Jump to content

Finishing a mild steel longsword guard - abrasives question

Recommended Posts

Hello all, 

I am a brand new member here.  My recent hobby is taking manufactured sword blades and making hilts.  

I forge all that I can but I like more developed forms of guards so there is always welding involved.  I dress most all of the welding with files.  My question today is what tools are recommended for carrying the finish beyond fine file work.  2" scotchbrite pads?  Dremel flap disks?  I'd love to know what people use.  I'm looking for a brushed or satin finish, not a bright polish.  Attached is a current project to show my progress after course file work.  Next is a past project to show where fine files and emery paper have gotten me.  My goal is to have a small panoply of early 16th century swords with an antique finish.  I use mustard and lemon juice to oxidize everything.  


Hilt 1.jpg

Hilt 2.jpg

hilt 3.jpg

hilt 4.jpg

Link to post
Share on other sites

Personally I like to leave them with a drawfiled finish, that's how most originals were left.  If you want a slightly better polish done the old way, use small stones (modern EDM stones are a good substitute for natural stones) or go to bits of leather charged with loose abrasives.  A flap wheel on a dremel mimics that look fairly well if used with a light touch and great care.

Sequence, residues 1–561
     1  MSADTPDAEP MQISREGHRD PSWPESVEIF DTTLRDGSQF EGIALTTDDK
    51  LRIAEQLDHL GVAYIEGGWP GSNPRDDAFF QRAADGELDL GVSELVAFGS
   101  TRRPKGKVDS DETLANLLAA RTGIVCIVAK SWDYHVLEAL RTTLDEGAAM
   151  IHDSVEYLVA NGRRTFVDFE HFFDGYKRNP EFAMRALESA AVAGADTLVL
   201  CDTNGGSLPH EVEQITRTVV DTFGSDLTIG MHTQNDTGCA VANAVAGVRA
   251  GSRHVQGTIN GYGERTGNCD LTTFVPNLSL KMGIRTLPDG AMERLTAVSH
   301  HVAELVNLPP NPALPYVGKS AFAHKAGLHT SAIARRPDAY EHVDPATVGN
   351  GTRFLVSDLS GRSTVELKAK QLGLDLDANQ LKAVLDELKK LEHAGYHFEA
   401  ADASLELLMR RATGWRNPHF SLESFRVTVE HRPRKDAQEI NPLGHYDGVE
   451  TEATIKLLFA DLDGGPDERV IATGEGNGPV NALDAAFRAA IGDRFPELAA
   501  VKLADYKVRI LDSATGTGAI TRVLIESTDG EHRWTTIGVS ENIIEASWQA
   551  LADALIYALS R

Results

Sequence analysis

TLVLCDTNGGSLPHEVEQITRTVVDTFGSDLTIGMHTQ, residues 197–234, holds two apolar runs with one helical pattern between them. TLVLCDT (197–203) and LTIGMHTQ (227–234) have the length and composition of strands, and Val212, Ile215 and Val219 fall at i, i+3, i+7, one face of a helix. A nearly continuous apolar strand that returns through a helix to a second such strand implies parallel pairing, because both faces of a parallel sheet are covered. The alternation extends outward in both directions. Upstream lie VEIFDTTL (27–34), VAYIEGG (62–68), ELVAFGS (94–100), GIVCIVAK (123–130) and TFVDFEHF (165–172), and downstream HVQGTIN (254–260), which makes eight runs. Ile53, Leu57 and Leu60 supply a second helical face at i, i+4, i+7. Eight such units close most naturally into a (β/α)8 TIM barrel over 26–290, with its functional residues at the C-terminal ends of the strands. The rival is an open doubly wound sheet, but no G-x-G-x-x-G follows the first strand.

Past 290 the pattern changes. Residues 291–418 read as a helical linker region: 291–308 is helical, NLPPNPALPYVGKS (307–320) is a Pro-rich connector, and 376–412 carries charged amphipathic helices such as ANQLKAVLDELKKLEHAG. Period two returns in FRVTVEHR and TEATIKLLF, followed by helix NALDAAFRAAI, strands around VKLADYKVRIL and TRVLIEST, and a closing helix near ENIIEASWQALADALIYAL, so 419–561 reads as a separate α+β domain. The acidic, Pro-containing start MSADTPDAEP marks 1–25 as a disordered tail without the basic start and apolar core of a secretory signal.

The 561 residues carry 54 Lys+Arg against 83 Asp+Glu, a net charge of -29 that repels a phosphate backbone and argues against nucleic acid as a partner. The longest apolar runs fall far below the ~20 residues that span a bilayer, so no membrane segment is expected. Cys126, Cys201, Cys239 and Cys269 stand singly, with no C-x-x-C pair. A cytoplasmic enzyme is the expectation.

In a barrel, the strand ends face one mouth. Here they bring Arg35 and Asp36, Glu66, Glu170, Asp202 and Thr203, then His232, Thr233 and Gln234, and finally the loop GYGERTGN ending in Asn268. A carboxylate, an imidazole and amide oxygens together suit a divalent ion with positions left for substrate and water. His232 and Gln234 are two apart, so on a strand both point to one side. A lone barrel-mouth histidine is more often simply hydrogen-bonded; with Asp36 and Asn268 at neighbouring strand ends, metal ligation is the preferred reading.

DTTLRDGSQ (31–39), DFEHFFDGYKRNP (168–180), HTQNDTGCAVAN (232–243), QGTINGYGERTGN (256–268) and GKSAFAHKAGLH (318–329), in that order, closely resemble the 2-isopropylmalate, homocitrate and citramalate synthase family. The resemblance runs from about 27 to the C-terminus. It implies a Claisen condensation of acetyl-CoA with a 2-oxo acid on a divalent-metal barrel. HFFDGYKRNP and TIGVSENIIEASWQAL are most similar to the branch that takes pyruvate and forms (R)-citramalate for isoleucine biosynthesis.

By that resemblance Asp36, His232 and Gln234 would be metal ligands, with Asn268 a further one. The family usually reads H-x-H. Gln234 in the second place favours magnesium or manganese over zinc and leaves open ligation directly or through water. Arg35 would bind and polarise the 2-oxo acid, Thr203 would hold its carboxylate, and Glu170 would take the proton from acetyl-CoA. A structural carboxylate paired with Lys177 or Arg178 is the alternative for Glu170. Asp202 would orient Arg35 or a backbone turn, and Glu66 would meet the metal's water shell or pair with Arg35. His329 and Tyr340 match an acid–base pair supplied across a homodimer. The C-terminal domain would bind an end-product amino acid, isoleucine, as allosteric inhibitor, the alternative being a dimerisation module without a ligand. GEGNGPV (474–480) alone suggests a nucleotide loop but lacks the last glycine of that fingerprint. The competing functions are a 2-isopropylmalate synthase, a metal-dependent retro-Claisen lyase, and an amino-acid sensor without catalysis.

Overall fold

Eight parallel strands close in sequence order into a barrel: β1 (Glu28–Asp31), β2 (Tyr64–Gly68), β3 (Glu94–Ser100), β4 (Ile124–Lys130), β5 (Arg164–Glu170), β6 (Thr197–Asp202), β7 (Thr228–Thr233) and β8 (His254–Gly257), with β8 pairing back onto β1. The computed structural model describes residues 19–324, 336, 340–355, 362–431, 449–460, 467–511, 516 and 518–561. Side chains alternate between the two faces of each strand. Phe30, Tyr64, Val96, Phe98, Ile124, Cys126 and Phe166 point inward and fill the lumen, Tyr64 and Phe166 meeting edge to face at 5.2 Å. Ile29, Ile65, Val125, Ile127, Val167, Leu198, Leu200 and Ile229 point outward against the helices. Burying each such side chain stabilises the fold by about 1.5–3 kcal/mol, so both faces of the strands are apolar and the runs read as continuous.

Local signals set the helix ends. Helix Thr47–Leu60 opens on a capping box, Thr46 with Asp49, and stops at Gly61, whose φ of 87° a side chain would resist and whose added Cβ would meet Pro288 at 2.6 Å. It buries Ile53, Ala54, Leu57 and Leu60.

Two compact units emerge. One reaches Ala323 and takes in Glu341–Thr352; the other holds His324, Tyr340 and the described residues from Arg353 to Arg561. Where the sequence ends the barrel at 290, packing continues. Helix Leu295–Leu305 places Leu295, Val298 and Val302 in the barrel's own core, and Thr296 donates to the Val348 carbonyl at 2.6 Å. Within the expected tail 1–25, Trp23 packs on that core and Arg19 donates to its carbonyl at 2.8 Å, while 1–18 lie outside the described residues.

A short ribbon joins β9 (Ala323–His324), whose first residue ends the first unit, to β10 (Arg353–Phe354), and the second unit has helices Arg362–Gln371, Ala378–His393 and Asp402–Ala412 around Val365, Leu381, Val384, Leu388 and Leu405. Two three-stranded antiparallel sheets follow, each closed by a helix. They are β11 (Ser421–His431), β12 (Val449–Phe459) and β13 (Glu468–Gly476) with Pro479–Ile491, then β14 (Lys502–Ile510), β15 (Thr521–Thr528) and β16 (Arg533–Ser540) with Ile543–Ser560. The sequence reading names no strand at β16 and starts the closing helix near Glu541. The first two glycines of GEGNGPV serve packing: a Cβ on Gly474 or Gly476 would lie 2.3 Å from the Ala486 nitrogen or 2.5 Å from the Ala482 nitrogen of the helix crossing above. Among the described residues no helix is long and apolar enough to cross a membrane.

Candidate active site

Or there's always going to sandpaper and just stopping at 400 grit.  That's a nice satin finish.

  • Like 1
Link to post
Share on other sites

i like to fold a strip of sandpaper in half so that it fits in a jewelers saw and use that to sand round things, you can do the "shoe shine" method as well but with the jewelers saw method you can have one hand free to hold the guard if you need to. 


theres also leather padded sanding sticks that conform to the shape of the work piece, for a lot of knife part finishing that i do i like to use a dull 220 grit sanding sponge after sanding to 400, it looks as fine as the 400 but i think it has a more matte look, perhaps its more like a brushed finish. 


you can cut out disks of sandpaper and make a leather backer for a dremel/flex shaft and also you can make something like a rod with a slot so you can attach and wind up some sandpaper and use that like a sanding drum.


and dont forget scrapers for the really annoying spots and chunky bits in tight spaces

Link to post
Share on other sites

Wow, great feedback.  Thankyou for all the ideas.  

Steven, I do a lot of chisel work on my pommels and guards, but I've never come across scrapers.  Do you have an image or link to something that might help me understand what kind of configuration these might have?  


Link to post
Share on other sites

Create an account or sign in to comment

You need to be a member in order to leave a comment

Create an account

Sign up for a new account in our community. It's easy!

Register a new account

Sign in

Already have an account? Sign in here.

Sign In Now
  • Create New...